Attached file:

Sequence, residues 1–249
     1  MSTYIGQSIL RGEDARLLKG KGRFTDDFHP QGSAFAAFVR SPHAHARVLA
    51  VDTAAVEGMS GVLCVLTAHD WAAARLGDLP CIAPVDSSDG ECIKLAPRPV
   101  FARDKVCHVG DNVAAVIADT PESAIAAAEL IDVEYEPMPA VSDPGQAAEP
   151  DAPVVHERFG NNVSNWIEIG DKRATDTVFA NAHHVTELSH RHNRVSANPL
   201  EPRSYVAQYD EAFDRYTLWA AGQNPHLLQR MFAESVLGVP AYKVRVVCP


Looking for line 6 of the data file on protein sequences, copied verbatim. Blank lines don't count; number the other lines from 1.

   201  EPRSYVAQYD EAFDRYTLWA AGQNPHLLQR MFAESVLGVP AYKVRVVCP